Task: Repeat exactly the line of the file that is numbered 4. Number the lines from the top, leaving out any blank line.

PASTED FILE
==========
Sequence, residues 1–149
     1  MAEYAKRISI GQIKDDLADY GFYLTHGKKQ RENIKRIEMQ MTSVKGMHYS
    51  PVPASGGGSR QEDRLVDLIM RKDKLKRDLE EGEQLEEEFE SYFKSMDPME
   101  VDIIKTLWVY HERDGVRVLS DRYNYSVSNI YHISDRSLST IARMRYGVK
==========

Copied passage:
   101  VDIIKTLWVY HERDGVRVLS DRYNYSVSNI YHISDRSLST IARMRYGVK